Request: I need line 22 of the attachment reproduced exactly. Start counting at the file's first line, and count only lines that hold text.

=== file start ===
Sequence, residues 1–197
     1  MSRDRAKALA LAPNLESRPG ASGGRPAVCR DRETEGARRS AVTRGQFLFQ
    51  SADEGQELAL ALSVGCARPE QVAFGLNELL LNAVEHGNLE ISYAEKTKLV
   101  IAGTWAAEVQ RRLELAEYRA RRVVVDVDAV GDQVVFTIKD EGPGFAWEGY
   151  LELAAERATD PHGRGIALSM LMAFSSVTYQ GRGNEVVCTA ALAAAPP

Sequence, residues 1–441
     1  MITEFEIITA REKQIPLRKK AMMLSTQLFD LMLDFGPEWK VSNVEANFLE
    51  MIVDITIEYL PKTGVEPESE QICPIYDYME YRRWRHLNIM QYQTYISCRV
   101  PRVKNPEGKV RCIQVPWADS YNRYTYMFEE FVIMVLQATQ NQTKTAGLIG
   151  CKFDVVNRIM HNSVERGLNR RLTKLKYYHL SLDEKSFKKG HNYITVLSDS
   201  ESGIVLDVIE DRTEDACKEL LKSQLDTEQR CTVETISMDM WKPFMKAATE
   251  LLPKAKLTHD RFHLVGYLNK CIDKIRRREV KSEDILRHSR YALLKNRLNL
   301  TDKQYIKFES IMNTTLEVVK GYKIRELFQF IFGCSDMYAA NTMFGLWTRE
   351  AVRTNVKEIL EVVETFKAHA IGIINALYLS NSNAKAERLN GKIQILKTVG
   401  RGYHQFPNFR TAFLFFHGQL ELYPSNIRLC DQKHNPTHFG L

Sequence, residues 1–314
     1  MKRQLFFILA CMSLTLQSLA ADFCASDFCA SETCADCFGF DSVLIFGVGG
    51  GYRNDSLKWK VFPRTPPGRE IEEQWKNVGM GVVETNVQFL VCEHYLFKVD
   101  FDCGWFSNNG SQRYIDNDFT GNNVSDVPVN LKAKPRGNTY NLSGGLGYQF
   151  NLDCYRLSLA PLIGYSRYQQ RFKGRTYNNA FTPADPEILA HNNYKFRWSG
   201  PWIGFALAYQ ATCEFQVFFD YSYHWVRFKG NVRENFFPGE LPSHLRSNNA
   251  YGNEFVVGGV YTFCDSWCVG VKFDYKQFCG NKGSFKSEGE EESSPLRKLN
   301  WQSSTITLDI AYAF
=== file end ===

   251  YGNEFVVGGV YTFCDSWCVG VKFDYKQFCG NKGSFKSEGE EESSPLRKLN